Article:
BRIEF OVERVIEW OF NATURAL HISTORY, ECONOMIC, AND CULTURAL ASPECTS OF THE DRIVE FROM NEW ORLEANS TO GRAND ISLE, PORT FOURCHON, AND ELMER’S ISLAND, LOUISIANA
By Robert A. Thomas, Loyola Center for Environmental Communication, School of Communication & Design, Loyola University New Orleans, & Louisiana Master Naturalists of Greater New Orleans (email@example.com, 504-865-2107)
This past week, New Orleans’ Mardi Gras trees (Arbor carnivalense) suddenly burst into full bloom, becoming
festooned with bright colors that sparkle in the sunlight.
This species seems to occur predominately along parade routes (or, do we route our parades along streets
April is the month of horizon-to-horizon yellow in fields and roadsides throughout our region. Yellow catches the eye during a drive past City Park on Robert E. Lee Boulevard, and an otherwise boring trip (ahem, for the non-naturalist, that is) to Shreveport on I-49 exposes one to vast stretches of the culprit – Hairy Buttercup, Ranunculus sardous. The same is true for all the birders making their pilgrimages to Grand Isle and other sites “down da bayou.”
Something that all naturalists experience is finding a species that they don't know. For the average person, it is impossible to know all of nature, and my challenge, and one of my loves, is plants.
I've walked the boardwalk at Turtle Cove Environmental Research Station, Southeastern Louisiana University's facility on Main Pass near Manchac, many times.
Our Smallest Native Plant Floating Commuinities
1: The Lemnaceae
by Bob Thomas
Louisiana is blessed with wonderful biodiversity at all levels. We tend to move through our wetlands and focus on the largest species, but by simply stopping, kneeling by the water, and looking closely at what might be floating on its surface, a whole new botanical world opens.
From early to late spring, the delta country is alive with fields of yellow. There is a succession of species with yellow flowers, but there are habitat, floral, and temporal differences. These characteristics are not always apparent to the novice, but a seasoned naturalist may easily identify the different species, even at 70 mph on the interstate!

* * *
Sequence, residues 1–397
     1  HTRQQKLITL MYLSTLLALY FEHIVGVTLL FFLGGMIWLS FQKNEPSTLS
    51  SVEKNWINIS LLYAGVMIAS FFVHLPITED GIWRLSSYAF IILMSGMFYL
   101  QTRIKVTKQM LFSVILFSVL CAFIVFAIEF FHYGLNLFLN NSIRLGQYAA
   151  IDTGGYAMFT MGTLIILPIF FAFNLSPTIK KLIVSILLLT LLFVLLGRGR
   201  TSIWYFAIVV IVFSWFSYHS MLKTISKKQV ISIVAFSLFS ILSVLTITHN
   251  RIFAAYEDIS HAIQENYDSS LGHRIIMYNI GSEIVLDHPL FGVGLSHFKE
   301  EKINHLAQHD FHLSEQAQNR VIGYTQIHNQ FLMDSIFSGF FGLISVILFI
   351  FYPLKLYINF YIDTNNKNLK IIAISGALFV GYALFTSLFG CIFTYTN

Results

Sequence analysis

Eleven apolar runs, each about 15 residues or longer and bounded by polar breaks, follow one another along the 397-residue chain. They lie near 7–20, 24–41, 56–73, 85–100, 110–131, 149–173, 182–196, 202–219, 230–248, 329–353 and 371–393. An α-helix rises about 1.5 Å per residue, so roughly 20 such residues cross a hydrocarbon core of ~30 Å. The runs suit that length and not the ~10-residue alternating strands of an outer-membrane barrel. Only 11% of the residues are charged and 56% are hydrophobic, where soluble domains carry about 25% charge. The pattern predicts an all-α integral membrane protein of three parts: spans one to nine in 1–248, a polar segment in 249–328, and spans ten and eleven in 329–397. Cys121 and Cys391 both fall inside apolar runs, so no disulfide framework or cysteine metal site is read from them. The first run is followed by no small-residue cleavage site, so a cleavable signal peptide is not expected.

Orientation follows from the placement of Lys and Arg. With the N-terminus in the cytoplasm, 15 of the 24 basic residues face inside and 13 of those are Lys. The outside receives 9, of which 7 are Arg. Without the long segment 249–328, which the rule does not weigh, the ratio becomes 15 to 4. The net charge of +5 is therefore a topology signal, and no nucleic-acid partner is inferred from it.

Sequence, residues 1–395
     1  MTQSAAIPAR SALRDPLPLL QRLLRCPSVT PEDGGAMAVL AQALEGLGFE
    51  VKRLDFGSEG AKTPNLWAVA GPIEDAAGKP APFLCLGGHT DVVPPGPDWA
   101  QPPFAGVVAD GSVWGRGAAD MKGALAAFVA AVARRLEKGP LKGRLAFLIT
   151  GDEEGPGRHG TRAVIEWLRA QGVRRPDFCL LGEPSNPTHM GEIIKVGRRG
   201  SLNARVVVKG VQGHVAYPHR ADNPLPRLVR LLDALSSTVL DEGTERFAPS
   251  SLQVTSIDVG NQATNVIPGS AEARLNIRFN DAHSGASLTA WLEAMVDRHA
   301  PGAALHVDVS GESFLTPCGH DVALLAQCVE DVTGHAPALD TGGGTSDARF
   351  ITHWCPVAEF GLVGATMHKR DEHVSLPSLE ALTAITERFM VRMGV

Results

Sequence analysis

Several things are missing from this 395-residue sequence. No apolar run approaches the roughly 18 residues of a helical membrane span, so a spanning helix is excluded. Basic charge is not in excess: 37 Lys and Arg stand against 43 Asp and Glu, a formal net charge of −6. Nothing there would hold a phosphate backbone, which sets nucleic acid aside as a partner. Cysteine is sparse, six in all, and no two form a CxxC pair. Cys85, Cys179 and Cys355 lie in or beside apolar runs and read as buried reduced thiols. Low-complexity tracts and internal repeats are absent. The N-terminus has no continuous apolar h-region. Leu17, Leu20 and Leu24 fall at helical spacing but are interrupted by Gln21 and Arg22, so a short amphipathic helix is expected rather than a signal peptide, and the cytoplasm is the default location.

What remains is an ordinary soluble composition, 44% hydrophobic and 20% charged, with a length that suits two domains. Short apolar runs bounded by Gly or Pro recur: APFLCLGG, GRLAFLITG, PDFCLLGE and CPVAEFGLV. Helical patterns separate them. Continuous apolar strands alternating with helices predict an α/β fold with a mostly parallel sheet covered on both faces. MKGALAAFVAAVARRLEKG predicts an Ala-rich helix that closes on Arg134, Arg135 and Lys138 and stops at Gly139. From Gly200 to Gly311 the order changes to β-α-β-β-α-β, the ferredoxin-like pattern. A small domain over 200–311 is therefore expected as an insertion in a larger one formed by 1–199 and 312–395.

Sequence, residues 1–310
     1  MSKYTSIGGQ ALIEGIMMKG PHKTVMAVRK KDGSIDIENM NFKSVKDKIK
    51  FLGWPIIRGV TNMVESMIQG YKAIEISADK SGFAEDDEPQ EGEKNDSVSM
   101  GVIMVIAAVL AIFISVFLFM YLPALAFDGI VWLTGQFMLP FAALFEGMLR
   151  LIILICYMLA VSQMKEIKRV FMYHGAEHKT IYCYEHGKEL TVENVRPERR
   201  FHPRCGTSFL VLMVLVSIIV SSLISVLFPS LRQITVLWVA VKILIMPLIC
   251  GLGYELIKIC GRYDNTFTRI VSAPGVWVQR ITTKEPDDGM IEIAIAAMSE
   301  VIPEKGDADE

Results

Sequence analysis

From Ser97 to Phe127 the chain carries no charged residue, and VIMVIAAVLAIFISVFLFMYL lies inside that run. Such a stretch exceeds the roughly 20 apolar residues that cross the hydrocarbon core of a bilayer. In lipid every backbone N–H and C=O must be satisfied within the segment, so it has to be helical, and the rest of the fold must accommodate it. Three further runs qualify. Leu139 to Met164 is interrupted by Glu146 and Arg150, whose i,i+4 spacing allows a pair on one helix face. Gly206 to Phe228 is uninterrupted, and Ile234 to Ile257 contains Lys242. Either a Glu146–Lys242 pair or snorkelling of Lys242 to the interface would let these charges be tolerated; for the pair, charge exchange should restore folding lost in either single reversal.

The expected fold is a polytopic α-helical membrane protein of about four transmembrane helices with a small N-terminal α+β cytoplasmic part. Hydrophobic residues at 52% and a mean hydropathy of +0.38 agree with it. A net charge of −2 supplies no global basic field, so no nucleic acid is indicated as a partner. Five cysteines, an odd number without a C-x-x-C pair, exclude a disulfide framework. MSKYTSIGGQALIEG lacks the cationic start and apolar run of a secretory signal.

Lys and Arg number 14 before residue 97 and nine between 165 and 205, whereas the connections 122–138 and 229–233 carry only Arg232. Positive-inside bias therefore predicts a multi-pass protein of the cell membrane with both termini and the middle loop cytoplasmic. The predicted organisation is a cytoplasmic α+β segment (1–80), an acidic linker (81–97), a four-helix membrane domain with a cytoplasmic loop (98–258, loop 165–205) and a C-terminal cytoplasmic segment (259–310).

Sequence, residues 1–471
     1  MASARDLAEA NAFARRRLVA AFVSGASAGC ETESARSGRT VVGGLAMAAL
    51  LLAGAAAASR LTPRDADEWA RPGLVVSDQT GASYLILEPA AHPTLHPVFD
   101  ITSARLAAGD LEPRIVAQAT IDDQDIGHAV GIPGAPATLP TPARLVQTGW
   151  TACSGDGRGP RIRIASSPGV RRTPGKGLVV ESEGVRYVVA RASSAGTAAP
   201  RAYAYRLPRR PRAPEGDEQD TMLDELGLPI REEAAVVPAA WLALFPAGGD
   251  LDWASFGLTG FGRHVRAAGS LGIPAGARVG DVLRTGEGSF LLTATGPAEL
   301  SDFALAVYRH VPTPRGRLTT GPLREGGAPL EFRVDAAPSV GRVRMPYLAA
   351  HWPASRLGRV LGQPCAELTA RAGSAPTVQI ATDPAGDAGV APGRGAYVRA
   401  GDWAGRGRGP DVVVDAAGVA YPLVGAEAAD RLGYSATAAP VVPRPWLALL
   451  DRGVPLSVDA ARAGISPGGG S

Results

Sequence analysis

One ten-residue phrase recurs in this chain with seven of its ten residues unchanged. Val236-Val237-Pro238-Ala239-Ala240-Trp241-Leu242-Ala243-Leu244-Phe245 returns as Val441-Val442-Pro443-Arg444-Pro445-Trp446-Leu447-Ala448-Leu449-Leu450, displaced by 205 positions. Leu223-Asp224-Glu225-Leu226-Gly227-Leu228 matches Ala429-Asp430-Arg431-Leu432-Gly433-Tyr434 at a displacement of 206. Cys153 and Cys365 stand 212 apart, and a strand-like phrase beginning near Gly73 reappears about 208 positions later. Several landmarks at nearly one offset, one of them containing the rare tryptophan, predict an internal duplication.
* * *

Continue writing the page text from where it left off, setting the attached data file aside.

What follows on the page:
Red Maple, Acer rubrum, is a native species that has crossed the line and become one of the most popular trees chosen for yards. Their horticultural advantages are that they are fast growing and are deciduous, so the leaves give shade on hot summer days, yet allow warming sunlight through during cool winter periods. Other wonderful features include their winter/early spring red flowers and buds, followed by showy red samaras, their winged “helicopter” seeds. In fall, they are again showy when their leaves turn brilliant red to
All New Orleanians know that the late winter-very early spring transition is the time when a number of our favored urban horticultural species and more rural native trees flower brilliantly. For the most part their flowering occurs before they produce leaves.
Sometimes its just fun to put a name on something everybody has in his yard. This is a quick discussion of Chamber Bitter (Phyllanthus urinaria) and Mascarene Islands Leaf Flower (Phyllanthus tenellus).
These plants are among the most common weeds in flowerbeds and yards in the New Orleans region. There is a tradeoff for their annoying abundance – they pull up by the roots very easily, and that is nice.